n Tydskrif vir Geesteswetenskappe - Taalregte van minderheidsgroepe : 'n basiese mensereg : deel I

Volume 45, Issue 1
  • ISSN : 0041-4751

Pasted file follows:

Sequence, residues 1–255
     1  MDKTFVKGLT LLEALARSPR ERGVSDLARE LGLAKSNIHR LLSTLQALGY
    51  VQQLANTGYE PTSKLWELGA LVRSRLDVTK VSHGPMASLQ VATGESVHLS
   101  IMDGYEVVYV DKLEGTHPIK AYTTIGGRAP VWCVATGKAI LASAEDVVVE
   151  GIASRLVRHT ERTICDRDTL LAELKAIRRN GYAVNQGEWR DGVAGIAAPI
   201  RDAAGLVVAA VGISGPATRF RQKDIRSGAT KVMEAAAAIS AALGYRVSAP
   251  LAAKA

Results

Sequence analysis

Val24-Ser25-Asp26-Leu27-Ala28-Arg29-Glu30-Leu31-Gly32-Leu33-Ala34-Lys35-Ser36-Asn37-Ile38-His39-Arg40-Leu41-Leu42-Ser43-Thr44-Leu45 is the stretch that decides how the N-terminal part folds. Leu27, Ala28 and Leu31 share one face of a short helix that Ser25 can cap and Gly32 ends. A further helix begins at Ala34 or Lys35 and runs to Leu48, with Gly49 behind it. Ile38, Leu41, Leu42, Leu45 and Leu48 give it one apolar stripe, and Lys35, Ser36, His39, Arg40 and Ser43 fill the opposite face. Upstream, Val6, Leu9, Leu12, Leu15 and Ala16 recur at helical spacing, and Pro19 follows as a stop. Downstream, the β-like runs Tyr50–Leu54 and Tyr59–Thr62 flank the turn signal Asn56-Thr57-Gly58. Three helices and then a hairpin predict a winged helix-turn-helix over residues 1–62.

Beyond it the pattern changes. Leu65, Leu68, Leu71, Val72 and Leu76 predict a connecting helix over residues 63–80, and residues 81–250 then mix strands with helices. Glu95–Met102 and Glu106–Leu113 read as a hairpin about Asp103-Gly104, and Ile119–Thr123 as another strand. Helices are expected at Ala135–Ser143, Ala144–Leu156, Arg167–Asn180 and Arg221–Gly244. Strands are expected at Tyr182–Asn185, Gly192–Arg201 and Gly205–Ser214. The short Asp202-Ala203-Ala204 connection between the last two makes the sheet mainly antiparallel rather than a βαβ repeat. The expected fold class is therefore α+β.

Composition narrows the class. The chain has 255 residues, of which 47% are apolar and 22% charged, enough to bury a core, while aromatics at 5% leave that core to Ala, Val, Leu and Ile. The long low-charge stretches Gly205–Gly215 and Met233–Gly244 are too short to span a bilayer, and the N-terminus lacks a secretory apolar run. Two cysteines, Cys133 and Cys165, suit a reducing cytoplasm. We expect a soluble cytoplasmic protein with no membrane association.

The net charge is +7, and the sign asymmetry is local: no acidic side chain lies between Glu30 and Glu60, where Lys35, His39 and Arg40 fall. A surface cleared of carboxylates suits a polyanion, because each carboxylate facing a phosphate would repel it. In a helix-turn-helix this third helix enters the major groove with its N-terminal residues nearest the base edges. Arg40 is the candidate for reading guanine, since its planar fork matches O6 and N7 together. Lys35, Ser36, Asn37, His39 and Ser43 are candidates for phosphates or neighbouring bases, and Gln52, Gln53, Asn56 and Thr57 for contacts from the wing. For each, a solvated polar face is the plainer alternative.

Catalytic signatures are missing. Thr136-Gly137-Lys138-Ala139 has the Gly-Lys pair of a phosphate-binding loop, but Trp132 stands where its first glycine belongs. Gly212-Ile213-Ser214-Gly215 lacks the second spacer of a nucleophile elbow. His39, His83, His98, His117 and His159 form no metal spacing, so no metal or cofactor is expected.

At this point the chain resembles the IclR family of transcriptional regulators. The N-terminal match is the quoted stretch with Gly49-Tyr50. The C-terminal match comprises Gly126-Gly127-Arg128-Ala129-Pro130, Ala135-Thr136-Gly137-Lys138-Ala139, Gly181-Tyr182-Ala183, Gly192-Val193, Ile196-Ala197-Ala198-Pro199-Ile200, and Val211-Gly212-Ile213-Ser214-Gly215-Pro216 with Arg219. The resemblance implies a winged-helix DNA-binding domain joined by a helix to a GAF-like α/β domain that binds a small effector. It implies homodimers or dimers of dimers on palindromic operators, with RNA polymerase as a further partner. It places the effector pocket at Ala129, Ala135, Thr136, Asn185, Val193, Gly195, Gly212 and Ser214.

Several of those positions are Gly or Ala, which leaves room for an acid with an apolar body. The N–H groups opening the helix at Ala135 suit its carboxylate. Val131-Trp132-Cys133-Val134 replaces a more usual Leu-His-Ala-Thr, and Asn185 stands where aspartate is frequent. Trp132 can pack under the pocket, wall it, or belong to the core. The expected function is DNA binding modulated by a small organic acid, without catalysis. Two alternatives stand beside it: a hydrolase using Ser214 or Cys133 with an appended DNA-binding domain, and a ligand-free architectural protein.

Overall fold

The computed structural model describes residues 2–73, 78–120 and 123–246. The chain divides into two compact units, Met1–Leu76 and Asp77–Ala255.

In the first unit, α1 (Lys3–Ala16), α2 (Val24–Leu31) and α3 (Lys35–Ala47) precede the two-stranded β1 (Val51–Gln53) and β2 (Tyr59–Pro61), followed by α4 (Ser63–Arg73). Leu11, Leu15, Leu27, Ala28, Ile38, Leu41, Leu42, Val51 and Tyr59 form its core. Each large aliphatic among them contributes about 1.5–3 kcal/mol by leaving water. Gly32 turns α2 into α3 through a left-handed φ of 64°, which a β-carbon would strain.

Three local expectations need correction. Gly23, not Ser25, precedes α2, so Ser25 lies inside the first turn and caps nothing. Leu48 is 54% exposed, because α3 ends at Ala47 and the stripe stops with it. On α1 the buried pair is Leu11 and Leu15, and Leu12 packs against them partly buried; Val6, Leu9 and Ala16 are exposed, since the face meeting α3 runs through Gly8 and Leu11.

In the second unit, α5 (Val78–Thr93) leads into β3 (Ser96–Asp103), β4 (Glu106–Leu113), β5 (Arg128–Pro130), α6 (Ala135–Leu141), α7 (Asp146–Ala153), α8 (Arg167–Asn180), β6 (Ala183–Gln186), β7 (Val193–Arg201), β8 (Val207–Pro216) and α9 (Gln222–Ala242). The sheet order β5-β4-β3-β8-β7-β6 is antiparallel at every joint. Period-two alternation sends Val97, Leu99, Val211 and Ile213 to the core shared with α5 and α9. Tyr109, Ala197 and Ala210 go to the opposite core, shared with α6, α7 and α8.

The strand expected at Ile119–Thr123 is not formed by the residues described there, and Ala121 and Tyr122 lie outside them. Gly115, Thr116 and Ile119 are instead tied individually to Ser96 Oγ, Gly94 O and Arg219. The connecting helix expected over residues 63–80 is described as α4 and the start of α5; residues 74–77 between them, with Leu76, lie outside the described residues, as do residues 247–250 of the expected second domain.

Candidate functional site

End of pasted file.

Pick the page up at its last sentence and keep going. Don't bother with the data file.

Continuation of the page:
The Final Constitution (Act no. 108 of 1996) declared eleven languages as official languages. English is, for all practical purposes, the dominant language in South Africa. Although English can also be characterised as a minority language, the other ten languages are all used by minority groups. The Pan South African Language Board (PANSALB) was established to make South Africans aware of their language rights. In this article the concept of language rights are investigated. It intends to demonstrate how the concepts linguistic human right and fundamental human right became intertwined. Because linguistic rights have a connection with a certain language orientation the concept orientation is also discussed. In another section the concept minority language is investigated. To implement the concept linguistic human right, the state must have a language policy and legally regulate specific language rights. In a follow-up contribution the nature of incidents and complaints concerning the implementation of language legislation in South Africa, as reflected in the printed media and to PANSALB, are discussed.

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